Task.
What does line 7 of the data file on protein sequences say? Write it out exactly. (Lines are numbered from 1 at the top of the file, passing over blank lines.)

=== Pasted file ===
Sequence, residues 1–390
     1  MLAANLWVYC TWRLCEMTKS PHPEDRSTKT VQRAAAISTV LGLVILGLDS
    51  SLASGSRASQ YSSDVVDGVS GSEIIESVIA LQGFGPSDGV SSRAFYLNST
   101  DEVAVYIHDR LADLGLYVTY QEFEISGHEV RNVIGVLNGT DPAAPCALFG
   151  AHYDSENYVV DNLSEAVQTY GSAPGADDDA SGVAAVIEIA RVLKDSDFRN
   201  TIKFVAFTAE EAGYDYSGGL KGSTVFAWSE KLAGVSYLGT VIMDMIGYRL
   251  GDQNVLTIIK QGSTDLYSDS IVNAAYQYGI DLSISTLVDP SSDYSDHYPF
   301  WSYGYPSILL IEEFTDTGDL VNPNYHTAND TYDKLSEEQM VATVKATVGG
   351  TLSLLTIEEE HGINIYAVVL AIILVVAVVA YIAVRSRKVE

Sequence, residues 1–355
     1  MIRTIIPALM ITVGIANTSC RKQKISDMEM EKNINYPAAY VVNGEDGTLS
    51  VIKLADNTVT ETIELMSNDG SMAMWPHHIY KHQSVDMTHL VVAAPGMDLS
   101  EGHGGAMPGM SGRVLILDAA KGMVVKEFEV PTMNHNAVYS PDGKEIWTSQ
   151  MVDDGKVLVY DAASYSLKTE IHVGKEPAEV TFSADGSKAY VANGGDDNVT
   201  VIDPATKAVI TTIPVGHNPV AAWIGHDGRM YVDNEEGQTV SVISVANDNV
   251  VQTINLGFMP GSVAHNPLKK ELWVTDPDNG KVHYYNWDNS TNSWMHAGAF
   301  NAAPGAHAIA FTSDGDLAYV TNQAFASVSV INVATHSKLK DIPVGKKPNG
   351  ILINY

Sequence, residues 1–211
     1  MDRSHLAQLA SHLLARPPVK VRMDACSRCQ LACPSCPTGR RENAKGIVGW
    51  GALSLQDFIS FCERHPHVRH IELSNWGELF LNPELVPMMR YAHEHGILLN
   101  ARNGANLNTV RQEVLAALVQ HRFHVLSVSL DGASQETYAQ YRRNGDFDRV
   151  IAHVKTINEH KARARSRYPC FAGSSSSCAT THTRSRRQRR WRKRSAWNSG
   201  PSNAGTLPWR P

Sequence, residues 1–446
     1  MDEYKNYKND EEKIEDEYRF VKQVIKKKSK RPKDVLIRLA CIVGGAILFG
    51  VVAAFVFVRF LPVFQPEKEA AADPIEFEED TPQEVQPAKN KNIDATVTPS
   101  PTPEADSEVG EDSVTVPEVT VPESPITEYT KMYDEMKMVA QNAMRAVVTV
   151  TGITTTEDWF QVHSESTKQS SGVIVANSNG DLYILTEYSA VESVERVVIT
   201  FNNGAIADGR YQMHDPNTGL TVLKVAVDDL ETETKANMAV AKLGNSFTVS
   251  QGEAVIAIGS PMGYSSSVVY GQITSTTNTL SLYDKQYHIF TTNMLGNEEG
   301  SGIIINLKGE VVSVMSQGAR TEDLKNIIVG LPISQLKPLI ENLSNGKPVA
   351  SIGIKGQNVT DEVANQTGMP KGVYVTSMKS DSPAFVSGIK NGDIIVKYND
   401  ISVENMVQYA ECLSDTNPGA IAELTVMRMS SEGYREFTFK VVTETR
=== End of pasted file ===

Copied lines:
   251  GDQNVLTIIK QGSTDLYSDS IVNAAYQYGI DLSISTLVDP SSDYSDHYPF